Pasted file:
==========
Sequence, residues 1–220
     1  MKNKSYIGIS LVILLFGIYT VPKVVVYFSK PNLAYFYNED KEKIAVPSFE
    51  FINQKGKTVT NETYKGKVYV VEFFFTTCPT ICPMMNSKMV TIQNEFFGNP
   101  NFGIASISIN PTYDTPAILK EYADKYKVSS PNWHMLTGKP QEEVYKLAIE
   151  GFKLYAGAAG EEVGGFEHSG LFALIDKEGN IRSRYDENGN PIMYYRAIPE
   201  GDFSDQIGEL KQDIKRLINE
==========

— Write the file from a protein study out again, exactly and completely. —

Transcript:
Sequence, residues 1–220
     1  MKNKSYIGIS LVILLFGIYT VPKVVVYFSK PNLAYFYNED KEKIAVPSFE
    51  FINQKGKTVT NETYKGKVYV VEFFFTTCPT ICPMMNSKMV TIQNEFFGNP
   101  NFGIASISIN PTYDTPAILK EYADKYKVSS PNWHMLTGKP QEEVYKLAIE
   151  GFKLYAGAAG EEVGGFEHSG LFALIDKEGN IRSRYDENGN PIMYYRAIPE
   201  GDFSDQIGEL KQDIKRLINE